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  1.  5
    The Phylogenetic Roots of Human Kinship Systems.Joan B. Silk - 2021 - Biological Theory 16 (3):127-134.
    Nonhuman primates don’t have formal kinship systems, but genetic relatedness shapes patterns of residence, behavior, mating preferences, and cognition in the primate order. The goal of this article is to provide insight about the ancestral foundations on which the first human kinship systems were built. In order for evolution to favor nepotistic biases in behavior, individuals need to have opportunities to interact with their relatives and to be able to identify them. Both these requirements impose constraints on the evolution of (...)
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  2. Cheap talk when interests conflict.Joan B. Silk & Robert Boyd - unknown
    Most evolutionary analyses of animal communication suggest that low-cost signals can evolve only when both the signaller and the recipient rank outcomes in the same order. When there is a conflict of interest between sender and receiver, honest signals must be costly. However, recent work suggests that low-cost signals can be evolutionarily stable, even when the sender and the receiver rank outcomes in different orders, as long as the interest in achieving coordination is sufficiently great. In this paper, we extend (...)
     
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  3. The adaptive value of soicality in mammalian agroups.Joan B. Silk - 2007 - In Nathan Emery, Nicola Clayton & Chris Frith (eds.), Social Intelligence: From Brain to Culture. Oxford University Press.
     
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  4. Ontogeny of prosocial behavior across diverse societies.Bailey R. House, Joan B. Silk, Joseph Henrich, H. Clark Barrett, Brooke A. Scelza, Adam H. Boyette, Barry S. Hewlett, Richard McElreath & Stephen Laurence - 2013 - Proceedings of the National Academy of Sciences of the United States of America 110 (36):14586-14591.
    Humans are an exceptionally cooperative species, but there is substantial variation in the extent of cooperation across societies. Understanding the sources of this variability may provide insights about the forces that sustain cooperation. We examined the ontogeny of prosocial behavior by studying 326 children 3–14 y of age and 120 adults from six societies (age distributions varied across societies). These six societies span a wide range of extant human variation in culture, geography, and subsistence strategies, including foragers, herders, horticulturalists, and (...)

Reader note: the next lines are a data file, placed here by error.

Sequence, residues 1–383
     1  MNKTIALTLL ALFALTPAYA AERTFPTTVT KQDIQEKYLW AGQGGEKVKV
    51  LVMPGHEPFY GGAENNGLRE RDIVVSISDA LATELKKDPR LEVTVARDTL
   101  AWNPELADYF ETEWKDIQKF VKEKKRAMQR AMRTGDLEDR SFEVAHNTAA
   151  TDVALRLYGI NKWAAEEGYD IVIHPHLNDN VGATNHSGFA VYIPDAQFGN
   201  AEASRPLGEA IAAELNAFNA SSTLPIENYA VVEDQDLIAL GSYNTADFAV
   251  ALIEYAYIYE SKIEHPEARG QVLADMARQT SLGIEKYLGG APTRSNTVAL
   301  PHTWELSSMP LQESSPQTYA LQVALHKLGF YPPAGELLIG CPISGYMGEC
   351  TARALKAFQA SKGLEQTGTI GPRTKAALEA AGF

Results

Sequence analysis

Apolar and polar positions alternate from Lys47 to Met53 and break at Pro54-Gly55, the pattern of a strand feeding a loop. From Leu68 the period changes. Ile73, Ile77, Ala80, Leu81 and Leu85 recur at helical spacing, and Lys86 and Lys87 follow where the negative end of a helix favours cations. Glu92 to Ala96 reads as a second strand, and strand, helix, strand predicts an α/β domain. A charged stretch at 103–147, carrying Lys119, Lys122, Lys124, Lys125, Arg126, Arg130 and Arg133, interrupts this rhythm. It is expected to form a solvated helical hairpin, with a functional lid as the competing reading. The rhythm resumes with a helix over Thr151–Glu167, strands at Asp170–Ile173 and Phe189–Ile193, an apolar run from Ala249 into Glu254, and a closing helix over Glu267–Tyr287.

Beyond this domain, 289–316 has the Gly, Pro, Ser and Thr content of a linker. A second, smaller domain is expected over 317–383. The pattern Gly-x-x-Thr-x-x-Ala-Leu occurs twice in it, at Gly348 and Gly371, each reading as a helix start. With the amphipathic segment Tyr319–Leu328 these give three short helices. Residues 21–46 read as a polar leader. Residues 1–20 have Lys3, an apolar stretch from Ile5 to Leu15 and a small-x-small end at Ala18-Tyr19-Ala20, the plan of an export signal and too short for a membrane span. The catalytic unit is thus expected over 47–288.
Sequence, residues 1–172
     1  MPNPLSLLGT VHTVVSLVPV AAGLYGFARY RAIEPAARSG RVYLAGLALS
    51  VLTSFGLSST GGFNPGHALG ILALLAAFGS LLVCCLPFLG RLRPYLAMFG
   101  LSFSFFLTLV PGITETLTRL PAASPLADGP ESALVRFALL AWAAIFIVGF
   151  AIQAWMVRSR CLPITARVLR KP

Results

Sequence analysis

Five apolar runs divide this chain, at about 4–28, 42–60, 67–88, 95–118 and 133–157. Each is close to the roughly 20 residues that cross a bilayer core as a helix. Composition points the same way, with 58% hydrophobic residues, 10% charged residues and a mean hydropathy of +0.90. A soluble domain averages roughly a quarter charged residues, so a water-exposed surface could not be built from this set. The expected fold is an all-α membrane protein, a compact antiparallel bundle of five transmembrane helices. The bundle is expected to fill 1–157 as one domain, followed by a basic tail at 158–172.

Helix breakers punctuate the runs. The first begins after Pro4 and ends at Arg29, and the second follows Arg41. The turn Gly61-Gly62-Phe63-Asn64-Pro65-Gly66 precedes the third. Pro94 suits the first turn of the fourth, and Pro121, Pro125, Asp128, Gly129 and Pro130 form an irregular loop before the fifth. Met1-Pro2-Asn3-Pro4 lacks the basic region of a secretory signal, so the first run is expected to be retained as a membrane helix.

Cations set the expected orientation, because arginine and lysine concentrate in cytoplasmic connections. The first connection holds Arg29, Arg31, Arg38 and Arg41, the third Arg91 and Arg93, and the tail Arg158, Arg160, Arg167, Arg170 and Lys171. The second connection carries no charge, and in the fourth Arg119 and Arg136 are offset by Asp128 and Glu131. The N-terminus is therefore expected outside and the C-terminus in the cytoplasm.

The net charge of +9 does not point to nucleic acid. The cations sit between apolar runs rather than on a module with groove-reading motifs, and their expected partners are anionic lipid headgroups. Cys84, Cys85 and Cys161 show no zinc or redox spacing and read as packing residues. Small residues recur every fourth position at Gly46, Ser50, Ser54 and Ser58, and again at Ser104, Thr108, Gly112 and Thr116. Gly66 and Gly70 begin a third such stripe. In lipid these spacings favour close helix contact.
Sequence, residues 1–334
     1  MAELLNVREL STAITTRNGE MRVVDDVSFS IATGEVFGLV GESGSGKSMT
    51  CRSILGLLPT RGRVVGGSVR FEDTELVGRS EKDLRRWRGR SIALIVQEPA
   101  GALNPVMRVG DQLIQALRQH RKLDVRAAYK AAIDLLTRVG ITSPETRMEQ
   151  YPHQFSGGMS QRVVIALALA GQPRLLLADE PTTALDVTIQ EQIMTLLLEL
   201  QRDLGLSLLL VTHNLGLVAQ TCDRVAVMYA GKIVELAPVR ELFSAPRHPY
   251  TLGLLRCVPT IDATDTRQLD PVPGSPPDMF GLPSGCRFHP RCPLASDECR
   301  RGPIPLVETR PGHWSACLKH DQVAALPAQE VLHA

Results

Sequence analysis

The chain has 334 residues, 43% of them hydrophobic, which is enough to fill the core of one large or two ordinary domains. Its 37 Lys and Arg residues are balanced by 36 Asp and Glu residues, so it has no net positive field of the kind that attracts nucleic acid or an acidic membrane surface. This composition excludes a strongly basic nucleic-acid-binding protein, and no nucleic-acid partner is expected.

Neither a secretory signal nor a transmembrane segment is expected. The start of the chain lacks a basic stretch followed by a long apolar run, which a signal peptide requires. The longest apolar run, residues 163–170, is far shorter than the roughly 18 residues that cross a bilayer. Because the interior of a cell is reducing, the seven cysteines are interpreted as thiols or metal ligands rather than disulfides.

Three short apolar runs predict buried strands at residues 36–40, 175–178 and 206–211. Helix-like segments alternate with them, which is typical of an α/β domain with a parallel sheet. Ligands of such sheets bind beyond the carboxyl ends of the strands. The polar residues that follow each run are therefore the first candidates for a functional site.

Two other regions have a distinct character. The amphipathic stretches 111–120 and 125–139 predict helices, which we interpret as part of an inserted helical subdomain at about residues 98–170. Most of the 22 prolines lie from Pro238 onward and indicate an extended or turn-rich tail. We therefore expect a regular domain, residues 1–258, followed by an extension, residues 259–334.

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  5.  43
    Human adoption in evolutionary perspective.Joan B. Silk - 1990 - Human Nature 1 (1):25-52.
    Exploitation is a fundamental element of the parental strategies of many species of birds. Cuckoos, for example, lay their eggs in the nest of other birds, who often unwittingly rear the alien nestlings as their own. Nest parasitism is an efficient reproductive strategy for cuckoos, who do not have to worry about building a nest, incubating their eggs, or feeding their nestlings. But not all hosts respond passively to such intrusions. In response to parasitic cowbirds, for example, robins have evolved (...)
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  6.  9
    Adoption Among the Inuit.Joan B. Silk - 1987 - Ethos: Journal of the Society for Psychological Anthropology 15 (3):320-330.
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  7.  14
    Fosterage as a System of Dispersed Cooperative Breeding.Brooke A. Scelza & Joan B. Silk - 2014 - Human Nature 25 (4):448-464.
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  8. Empathy, sympathy and prosocial preferences in primates.Joan B. Silk - 2009 - In Robin Dunbar & Louise Barrett (eds.), Oxford Handbook of Evolutionary Psychology. Oxford University Press.
     
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  9.  9
    Making amends.Joan B. Silk - 1998 - Human Nature 9 (4):341-368.
    Conflict is an integral, and potentially disruptive, element in the lives of humans and other group-living animals. But conflicts are often settled, sometimes within minutes after the altercation has ended. The goal of this paper is to understand why primates, including humans, make amends. Primatologists have gathered an impressive body of evidence which demonstrates that monkeys and apes use a variety of behavioral mechanisms to resolve conflicts. Peaceful post-conflict interactions in nonhuman primates, sometimes labeled "reconciliation," have clear and immediate effects (...)
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